Many moons ago, I was part of a political theatre collective in Boston. We were a small group, performing original work and reimagining plays that touched on themes of oppression, community, and humanity. Our work was set against the backdrop of the War in Iraq, not long after 9/11, in a moment that felt charged and challenging in ways that echo today. Within the group, we held many experiences and perspectives that often aligned beautifully and occasionally clashed brilliantly. The clashes stick with me, even years later, because within this cohesive group, where we held many shared values and ideals, we didn’t have a process to navigate disagreements and challenges as they arose. We had an unstated sense of mutual respect and appreciation, our decisions were made by consensus, but there was no broader container to hold the culture of the group.
I’ve been sitting with the memory of my theatre collective times over the past month as we crafted and codified SVARA’s community norms. Our work at SVARA is deeply intentional and the culture of queer magical awesomeness is one that we aim to embody at every level. And, like my theatre experience, while many of us could pinpoint the ways in which being in SVARA’s learning community feels good and right, having our community norms documented cohesively and available for everyone to engage with allows us all to understand the foundational values that our learning community is built on.
Our Rabbis lift up an idea in the Talmud, kinat sofrim tarbe chochmah, “competition among scholars elevates knowledge,” a principle that has shaped the learning culture of so many Jewish learning spaces over the ages and to this day. We see this idea modeled in and beyond the Jewish community as people race to prove they are better at something, smarter in something, faster at doing something, and that it’s positive, and healthy even, to push ourselves to exceed another’s successes.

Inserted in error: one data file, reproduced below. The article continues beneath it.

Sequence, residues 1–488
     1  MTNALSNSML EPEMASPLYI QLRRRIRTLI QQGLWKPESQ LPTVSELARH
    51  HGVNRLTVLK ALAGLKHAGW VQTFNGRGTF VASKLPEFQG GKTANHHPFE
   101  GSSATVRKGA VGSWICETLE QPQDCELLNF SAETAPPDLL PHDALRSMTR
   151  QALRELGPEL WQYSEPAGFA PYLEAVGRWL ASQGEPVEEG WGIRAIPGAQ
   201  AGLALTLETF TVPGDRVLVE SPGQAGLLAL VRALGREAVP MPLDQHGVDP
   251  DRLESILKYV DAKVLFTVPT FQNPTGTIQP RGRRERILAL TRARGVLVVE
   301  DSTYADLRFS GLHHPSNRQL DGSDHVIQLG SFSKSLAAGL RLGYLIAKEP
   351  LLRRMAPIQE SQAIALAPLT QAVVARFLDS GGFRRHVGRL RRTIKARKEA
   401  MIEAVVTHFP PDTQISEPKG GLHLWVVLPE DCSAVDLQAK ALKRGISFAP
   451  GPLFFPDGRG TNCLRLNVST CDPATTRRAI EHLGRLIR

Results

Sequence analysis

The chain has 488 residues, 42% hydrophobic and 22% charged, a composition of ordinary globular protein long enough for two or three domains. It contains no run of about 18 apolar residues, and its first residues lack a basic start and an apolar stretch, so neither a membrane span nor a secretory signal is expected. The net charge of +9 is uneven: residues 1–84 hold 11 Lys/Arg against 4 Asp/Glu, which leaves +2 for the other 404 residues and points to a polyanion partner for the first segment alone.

This is not the culture of our bet midrash. We believe that by welcoming each person as a chacham, a wise person, from the outset, and by recognizing the insights of each person in our learning spaces, fully, just as they are, we are collectively elevating our knowledge. It is not competition that elevates chochmah, it is through the elevation of chachamim. Learning is not at the expense of another but in partnership as a community. As one SVARA-nik shared, “Studying with you has been one of the most affirming, inspiring, life-changing experiences I’ve ever had, it has been such a gift to have the opportunity to study and build community in such a loving and supportive space. I have spent most of my life feeling so alienated from Jewish community and the inclusivity and limitlessness of the group’s energy and passion for building Queer Jewish Community has been so healing.”
We start from a place of care and love, of empowerment and ownership, which sets the stage for a connective and present learning community. Sharing our foundational values, we hope, will create a space able to hold each of us, with our many backgrounds, identities, and experiences, with dignity and clarity. In his reflection on teaching in our Mishnah Collective a few weeks ago, SVARA Fellow R’ Becky Silverstein wrote “In my own experience learning Torah, creating a container in which that learning happens with reverence and intent results in a deep sense of grounding and connectedness.”
We hope that our community norms will offer a sense of grounding and connectedness. We welcome your input and reflections on them and invite you to join us in the messy, beautiful process of building intentional community. Feel free to reach out to me at [email protected] if you’d like to connect more. We know these norms will evolve and grow over time and we are so grateful for your partnership on this incredible journey.